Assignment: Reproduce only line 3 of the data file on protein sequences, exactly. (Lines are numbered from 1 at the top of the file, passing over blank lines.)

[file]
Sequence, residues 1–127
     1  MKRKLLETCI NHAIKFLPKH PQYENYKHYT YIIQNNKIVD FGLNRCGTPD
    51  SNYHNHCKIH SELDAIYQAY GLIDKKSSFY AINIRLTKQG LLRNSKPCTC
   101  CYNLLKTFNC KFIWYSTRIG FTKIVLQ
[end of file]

    51  SNYHNHCKIH SELDAIYQAY GLIDKKSSFY AINIRLTKQG LLRNSKPCTC